The objects, advantages and other novel features of the present invention are apparent from the following detailed description when read in conjunction with the appended claims and attached drawing.
FIG. 1 is a block diagram view of a sync vector generator with an NTSC vectorscope according to the present invention.
FIG. 2 is a block/schematic diagram view of the sync vector generator of FIG. 1.
FIG. 3 is a timing diagram view illustrating the operation of the sync vector generator of FIG. 2.
FIG. 4 is a plan view of the display of the vectorscope showing the horizontal sync jitter/SC/H display produced by the sync vector generator of FIG. 2.
FIGS. 5A and 5B are block diagram view of a sync vector generator with a PAL vectorscope according to the present invention.
FIG. 6 is a block diagram view of the configuration of a sync vector adaptor for a vectorscope according to the present invention.
Referring now to FIG. 1 a conventional vectorscope 10 is shown having a sync vector generator 20 according to the present invention. The vectorscope 10 includes an input video amplifier 11, a subcarrier regenerator 12, demodulators 13, vertical and horizontal deflection circuits 14, 15 and a display device 16. The subcarrier regenerator 12 generates a subcarrier frequency signal, Fsc, from the color burst component of the video input signal and applies Fsc together with a quadrature phase shifted Fsc to the demodulators 13. The demodulators 13 mix the video input signal from the video amplifier 11 with the quadrature Fsc signals to produce horizontal and vertical chroma signals that drive the deflection circuits 14, 15 in order to produce the conventional vectorscope display on the display device 16. The Fsc signal may be derived from an external reference signal via an operator selected switch SW1 to show the instantaneous subcarrier and sync phase difference between the video signal and "house" sync.
The sync vector generator 20 includes a fifty percent (50%) sync point detector 21, such as that disclosed in U.S. Pat. No. 4,585,989 issued Apr. 29, 1986 to Earl G. Matney entitled "50% Point of Amplitude and Phase Detector", a calibrated non-retriggerable box-car delay circuit 22, a pulse generator 23, a divider 24, a filter 25 and an output amplifier 26. The video input signal is input to the 50% detector 21 to generate a signal that is synchronized to the horizontal sync signal of the input signal. The sync signal from the detector 21 is input to both the non-retriggerable box-car delay circuit 22 and the divider 24. The holdoff delay of the non-retriggerable delay circuit 22 is just less than two horizontal line intervals, 2H, to lock out 31.5 kHz triggers from equalizers and vertical serrated pulses. Also a small calibrated box-car delay, about 500 nsec, is used to calibrate the SC/H display. An SC/H phase detector 27 receives either the video input signal or the external reference signal, as determined by the status of the switch SW1, and determines within +/-90 degrees the SC/H phase of such input signal. When an internal reference is selected by the switch SW1, the divider 24 is not activated and the SC/H phase of the reference signal is not important. However when external reference is selected by the switch SW1, the divider 24 is activated and only one of the two sync vectors, zero and 180 degrees, for NTSC or one of the four sync vectors, zero, ninety, 180 and 270 degrees, for PAL is displayed providing a single vector indication over a full 360 degrees. The SC/H phase of the external reference signal is detected to determine which of the sync vectors to delete so that the remaining vector indicates color frame information relative to the external reference signal. By using a video switcher at the input to the vectorscope 10 relative sync, burst and color frame phasing of a plurality of selected inputs may then be compared to a common external or "house" reference, and by inference to each other.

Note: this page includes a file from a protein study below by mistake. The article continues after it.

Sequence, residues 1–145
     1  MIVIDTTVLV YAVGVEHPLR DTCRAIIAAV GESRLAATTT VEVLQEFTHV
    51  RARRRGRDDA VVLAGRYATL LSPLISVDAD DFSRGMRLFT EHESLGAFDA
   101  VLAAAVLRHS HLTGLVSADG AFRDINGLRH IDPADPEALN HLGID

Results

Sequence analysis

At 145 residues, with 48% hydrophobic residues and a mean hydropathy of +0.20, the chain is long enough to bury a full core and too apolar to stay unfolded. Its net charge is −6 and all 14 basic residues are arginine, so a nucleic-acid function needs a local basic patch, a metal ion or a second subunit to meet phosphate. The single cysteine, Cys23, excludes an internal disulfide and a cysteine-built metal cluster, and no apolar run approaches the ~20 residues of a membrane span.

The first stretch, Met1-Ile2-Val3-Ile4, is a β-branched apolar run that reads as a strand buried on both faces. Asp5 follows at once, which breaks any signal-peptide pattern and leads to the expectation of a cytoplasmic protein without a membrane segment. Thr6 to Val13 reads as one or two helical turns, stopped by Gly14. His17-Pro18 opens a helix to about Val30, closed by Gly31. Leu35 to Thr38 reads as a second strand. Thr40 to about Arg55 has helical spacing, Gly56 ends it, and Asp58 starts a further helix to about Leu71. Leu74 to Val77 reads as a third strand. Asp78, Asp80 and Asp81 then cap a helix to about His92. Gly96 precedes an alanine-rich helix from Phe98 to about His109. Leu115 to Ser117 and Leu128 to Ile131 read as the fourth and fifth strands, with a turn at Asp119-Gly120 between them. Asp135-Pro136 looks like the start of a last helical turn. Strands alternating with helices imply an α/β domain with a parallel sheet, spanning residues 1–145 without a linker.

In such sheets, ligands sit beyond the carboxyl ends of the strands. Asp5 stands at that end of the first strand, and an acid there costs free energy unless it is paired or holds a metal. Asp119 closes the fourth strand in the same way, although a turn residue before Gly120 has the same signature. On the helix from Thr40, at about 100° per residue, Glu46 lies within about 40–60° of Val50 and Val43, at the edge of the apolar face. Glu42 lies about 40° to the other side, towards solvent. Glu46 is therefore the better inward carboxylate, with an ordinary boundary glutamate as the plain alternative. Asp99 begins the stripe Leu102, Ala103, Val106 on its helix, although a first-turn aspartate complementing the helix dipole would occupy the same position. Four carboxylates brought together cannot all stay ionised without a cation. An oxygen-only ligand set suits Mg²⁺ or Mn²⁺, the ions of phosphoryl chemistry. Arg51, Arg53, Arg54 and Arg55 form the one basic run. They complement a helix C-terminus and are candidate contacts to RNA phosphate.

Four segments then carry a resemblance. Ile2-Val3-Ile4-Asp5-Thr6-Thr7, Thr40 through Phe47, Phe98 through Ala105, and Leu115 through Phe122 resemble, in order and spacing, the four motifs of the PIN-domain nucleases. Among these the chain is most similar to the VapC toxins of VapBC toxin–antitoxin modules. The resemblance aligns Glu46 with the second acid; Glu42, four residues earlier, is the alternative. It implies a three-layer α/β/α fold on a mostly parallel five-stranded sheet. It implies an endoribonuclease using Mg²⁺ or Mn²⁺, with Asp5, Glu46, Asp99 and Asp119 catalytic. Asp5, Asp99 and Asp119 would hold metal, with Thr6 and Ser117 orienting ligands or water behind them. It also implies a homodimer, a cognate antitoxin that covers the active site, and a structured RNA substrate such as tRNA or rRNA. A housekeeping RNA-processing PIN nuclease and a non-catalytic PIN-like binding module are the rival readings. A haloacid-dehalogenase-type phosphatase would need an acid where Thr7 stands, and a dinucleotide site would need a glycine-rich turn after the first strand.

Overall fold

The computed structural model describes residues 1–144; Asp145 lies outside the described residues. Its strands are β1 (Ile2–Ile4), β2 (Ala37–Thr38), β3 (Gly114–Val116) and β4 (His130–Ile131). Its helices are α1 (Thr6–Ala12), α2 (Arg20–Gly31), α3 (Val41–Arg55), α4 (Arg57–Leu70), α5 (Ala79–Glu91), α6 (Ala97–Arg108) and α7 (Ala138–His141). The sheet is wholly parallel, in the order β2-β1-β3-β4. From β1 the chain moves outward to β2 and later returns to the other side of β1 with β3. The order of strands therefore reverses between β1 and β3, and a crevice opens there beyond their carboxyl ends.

The output of the phase detector 27 enables the divider 24 to generate a gate pulse that is applied to the pulse generator 23. The pulse generator 23 outputs a delayed pulse from the delayed sync signal when enabled by the gate pulse. The delayed pulse has a pulse width that is an integer N multiple of subcarrier frequency cycles. The delayed pulse drives a relatively high-Q tank circuit that forms the filter 25 which is tuned to the subcarrier frequency. The output of the filter 25 is a burst signal having an integer number of cycles at the subcarrier frequency. This burst signal is input to the output amplifier 26 and applied to the video input of the demodulators 13, either as an addition to the video input signal or via a multiplexer 18. The amplitude and frequency of the burst signal are calibrated to provide thin vectors or dots on the display 16 extending to the compass rose of the vectorscope display.